Since the G-Star Raw camera costs approximately $390 USD more than the D-Lux6, and the camera itself is the same except for the finish, some customers might find the price a bit shocking. Actually, the larger part of that difference is in the extras: The standard no.18727 carrycase for the D-Lux6 is $160, and so the similar G-Star edition case with the custom appointments has at least that value. The very heavy-duty wrist strap sells for $70 in the standard edition, and the extra neck strap in G-Star style would sell for about $90 separately. I feel comfortable paying the remaining $70 for the special edition camera, partly because the finish is the best thing I've seen since my brief time with a Leica Safari edition camera 25 years ago, and partly because of the collectible value. I should mention as well that Leica cameras, particularly the 'M' series and special editions, tend to have a very high resale value. It will be interesting to see how the G-Star edition fares in that regard.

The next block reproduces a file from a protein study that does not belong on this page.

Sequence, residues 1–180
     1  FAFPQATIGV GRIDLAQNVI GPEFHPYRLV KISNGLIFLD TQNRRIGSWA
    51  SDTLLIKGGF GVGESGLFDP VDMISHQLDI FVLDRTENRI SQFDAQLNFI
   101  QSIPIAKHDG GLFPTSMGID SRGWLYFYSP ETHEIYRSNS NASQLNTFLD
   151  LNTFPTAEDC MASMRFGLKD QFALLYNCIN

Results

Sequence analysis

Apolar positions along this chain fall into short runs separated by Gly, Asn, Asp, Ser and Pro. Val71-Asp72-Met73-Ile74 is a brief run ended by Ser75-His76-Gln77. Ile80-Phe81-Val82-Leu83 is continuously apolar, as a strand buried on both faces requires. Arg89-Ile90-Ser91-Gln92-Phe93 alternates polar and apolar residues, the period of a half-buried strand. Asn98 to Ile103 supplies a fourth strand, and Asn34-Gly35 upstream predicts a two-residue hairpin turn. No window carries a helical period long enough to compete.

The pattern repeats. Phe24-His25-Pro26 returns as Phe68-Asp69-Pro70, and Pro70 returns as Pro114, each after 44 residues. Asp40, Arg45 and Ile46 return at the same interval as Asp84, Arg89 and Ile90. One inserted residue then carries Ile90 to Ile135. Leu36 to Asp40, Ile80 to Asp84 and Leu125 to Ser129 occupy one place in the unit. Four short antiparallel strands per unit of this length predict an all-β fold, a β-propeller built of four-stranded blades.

The G-Star Raw lens is a Leica 'Summilux' design with 135-effective focal lengths ranging from 24 to 90 mm. Most importantly, the widest aperture is f1.4 at 24 mm, and f2.3 at the 90 mm focal length. Much mention is made these days about improved sensors for low-light shooting, but there's no substitute for good glass, and the G-Star's lens is probably the best available in a camera this size. Zooming is available the normal way with a stepless (smooth) action, and using a camera setting you can step from 24 to 28, 35, 50, 70, and 90 mm. The lens cap is a separate piece and comes with a lens-cap "string" that can attach it to the camera body so it doesn't get lost. I've seen complaints about this lens cap design, but I like it and don't find it particularly inconvenient.